COMMITMENT: Twenty-four hours of sometimes-silly comedy, realistic family drama, and cathartic, raw emotion.
WHY YOU SHOULD CATCH UP NOW: We throw around terms like "underrated" so often that the designation almost loses all meaning, but Shameless is, without a doubt, the most underrated show on television. It doesn't get any real awards attention and it's never brought up in the discourse of current greats, and that's just, well, a shame. Part of the reason you probably haven't caught up is that Showtime wrongly promotes and positions the show as if it's this wacky family comedy with William H. Macy at the center and while those things aren't untrue, they also aren't really fundamental to what makes Shameless tick. This is a show about the whole (giant) Gallagher family, and somehow, John Wells and his writing staff manage to service each of the characters quite consistently. But at the center is a powerhouse, complex performance by Emmy Rossum that rivals all the great leading performances across television. Few shows know how to build devastating, wrenching moments like Shameless. If you like Parenthood but wish the Bravermans weren't so well-off and comfortable, this is a show for you.
CHEAT SHEET: The show is serialized but not extremely plot heavy, so in theory, you could jump in with the beginning of season three this January. But in doing so, you'll be missing out on wonderful character development and a number of good, long cries. At worst, burn through the second season's dozen episodes. —Cory Barker
COMMITMENT: Twenty-two one-hour episodes full of snarky comebacks, bromance, and Gina Torres being an HBIC.
WHY YOU SHOULD CATCH UP NOW: The first season of Suits was great and all, but the first half of the second season, which left us clinging to the side of Hiatus Mountain back in August, managed to take an enjoyable show with an admittedly slapsticky premise—former slacker fakes his way to corporate lawyer nirvana—and turn it into a captivating, character-driven drama. Gabriel Macht and Patrick J. Adams cash in on their chemistry as two of the most complimentary characters to hit USA since Neal and Peter over on network sibling White Collar, and they keep the tone from getting TOO heavy with pop-culture laden barbs, but the stakes are very real this season with a few blasts from the past showing up to ruffle our leads' impeccably dressed feathers.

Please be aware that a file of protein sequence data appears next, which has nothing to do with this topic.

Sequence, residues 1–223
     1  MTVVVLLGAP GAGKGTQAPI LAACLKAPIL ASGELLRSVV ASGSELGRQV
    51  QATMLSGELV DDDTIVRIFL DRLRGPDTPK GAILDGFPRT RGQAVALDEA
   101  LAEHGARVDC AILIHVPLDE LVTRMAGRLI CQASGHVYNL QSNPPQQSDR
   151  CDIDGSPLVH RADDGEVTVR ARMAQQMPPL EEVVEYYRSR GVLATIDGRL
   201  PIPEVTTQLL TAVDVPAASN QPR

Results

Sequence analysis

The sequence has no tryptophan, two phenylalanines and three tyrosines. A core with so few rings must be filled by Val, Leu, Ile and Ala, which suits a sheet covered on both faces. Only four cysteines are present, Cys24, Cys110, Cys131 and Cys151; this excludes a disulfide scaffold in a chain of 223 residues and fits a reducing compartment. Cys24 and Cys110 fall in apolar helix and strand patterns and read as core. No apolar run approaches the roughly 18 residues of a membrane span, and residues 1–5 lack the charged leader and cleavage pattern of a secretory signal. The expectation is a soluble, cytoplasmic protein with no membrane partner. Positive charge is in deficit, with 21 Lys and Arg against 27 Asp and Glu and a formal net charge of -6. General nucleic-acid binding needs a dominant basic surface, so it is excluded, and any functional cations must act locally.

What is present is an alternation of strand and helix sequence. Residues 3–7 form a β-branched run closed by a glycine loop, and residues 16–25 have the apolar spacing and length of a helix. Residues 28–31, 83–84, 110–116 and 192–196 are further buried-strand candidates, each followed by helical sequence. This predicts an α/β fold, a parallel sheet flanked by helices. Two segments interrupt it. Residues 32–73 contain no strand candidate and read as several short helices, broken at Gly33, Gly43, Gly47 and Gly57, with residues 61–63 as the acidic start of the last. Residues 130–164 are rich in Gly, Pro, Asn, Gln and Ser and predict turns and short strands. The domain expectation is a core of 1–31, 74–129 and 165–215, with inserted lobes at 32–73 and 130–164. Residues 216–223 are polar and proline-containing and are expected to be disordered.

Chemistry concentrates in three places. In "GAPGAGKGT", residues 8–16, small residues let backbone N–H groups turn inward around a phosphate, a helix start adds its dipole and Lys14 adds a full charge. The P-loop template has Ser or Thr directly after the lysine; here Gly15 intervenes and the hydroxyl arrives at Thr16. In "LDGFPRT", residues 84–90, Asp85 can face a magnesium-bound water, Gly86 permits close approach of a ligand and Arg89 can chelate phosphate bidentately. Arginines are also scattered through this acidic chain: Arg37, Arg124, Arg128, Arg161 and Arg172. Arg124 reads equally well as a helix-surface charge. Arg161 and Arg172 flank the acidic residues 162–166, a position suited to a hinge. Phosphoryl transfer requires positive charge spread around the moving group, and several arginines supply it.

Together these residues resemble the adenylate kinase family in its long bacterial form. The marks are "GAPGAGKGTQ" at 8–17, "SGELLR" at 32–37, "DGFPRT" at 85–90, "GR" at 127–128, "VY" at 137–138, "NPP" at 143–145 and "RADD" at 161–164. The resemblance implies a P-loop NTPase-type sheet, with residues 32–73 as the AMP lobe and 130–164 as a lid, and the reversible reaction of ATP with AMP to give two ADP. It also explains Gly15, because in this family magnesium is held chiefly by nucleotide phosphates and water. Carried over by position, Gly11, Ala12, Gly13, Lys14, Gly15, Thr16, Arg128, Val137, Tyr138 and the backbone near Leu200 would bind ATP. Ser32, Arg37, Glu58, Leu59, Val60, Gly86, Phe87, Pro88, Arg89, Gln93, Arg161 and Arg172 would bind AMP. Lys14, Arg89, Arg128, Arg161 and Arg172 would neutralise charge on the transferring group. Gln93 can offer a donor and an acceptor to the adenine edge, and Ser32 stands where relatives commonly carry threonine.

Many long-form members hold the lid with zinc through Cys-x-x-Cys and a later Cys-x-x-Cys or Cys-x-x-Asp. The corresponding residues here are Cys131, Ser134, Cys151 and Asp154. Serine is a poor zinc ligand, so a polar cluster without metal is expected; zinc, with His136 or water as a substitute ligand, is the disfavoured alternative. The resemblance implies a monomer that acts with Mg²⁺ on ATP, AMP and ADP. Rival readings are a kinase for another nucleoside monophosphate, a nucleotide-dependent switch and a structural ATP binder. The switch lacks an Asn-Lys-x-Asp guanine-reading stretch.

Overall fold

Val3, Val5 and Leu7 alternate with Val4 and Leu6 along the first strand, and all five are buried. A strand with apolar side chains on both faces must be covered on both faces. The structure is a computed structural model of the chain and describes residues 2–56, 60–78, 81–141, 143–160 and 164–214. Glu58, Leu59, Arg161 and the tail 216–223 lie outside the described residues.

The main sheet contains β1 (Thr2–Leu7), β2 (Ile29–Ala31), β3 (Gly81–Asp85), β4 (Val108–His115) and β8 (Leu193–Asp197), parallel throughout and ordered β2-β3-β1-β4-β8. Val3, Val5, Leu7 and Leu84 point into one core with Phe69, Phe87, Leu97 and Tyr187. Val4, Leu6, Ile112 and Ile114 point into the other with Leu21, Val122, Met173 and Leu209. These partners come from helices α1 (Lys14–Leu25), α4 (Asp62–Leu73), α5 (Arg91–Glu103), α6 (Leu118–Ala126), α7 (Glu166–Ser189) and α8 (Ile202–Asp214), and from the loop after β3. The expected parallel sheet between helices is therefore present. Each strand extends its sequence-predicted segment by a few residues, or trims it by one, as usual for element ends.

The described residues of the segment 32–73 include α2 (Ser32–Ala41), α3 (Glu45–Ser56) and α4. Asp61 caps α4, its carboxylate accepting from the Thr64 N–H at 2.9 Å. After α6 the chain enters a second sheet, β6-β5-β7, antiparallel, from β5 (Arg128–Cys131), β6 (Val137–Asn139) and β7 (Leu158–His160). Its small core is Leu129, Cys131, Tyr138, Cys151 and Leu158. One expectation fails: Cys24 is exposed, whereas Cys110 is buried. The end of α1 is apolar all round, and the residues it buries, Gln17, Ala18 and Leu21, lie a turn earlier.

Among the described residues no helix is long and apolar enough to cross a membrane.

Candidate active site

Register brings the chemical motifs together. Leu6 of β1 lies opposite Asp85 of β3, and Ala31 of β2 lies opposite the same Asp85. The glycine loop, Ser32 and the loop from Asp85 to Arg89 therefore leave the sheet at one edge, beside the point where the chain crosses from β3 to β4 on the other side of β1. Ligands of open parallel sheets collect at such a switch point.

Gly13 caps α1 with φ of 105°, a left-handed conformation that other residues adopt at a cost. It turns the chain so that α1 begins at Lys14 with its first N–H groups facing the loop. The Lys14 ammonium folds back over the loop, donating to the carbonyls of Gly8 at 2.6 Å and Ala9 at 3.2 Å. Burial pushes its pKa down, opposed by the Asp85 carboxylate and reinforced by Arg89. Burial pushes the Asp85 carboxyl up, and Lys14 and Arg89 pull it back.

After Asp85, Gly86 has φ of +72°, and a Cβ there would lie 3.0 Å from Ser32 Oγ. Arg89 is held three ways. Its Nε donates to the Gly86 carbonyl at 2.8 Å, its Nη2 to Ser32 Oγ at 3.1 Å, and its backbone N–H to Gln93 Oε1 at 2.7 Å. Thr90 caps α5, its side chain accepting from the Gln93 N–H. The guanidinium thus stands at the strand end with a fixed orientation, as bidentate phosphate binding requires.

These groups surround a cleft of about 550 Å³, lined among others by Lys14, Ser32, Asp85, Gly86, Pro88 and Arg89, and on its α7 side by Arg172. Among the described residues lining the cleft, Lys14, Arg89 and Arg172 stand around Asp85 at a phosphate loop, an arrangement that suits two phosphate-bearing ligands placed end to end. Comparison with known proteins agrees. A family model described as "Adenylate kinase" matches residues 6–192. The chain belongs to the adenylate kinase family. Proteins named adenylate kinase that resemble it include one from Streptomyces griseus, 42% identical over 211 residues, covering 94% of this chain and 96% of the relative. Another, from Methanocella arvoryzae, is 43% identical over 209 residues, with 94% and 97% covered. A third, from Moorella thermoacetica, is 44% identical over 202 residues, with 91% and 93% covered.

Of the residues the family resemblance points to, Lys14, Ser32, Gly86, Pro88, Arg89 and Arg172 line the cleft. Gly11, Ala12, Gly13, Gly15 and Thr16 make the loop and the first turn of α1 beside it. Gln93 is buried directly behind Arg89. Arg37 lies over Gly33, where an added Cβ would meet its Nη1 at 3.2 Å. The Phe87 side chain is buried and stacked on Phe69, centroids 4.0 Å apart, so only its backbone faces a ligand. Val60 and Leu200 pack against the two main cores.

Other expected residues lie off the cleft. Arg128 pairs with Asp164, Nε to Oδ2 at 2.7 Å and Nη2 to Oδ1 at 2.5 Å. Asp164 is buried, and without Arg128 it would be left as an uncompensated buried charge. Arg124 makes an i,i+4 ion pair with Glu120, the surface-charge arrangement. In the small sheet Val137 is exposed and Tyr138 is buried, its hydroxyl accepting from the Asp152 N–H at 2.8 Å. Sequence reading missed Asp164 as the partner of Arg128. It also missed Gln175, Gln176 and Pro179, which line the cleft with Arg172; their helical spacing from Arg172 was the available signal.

CHEAT SHEET: The entire series is currently available on Hulu, but if you don’t want to go back and start from the veeeery beginning, you can probably get a handle on Season 1 armed with the pilot and the Wikipedia summary. However, we’re only ten glorious episodes into Season 2 and January 17 is almost an entire month away, which is ALMOST forever, so, uh, no excuses. Besides, do you REALLY want to skip Gale from Breaking Bad being a manipulative dick for ten episodes? I didn’t think so. —MaryAnn Sleasman
COMMITMENT: Thirty half-hour episodes full of glossy-eyed goodness.
WHY YOU SHOULD CATCH UP NOW: You know those types of guys who start off as abrasive jerks but after a few beers with them you realize that they're just good-natured, insane magnets of fun? That's Ders, Adam, and Blake, the stars of this rollicking Comedy Central slacker comedy. Workaholics is littered with jokes about boners and marijuana—topics that often lead to fratty locker-room talk—but in the hands of the show's bumbling stars result in blissfully unaware and hilarious idiocy. This is It's Always Sunny in Philadelphia for a new generation that prefers its scumbags stupid instead of selfish.
CHEAT SHEET: There's nothing serialized about the show, so feel free to flip around. But if you're looking for highlights, try Season 1's "To Friend a Predator," Season 2's "Dry Guys" and "6 Hours Till Hedonism II," and Season 3's "The Business Trip," "Real Time," and "Flashback in the Day." —Tim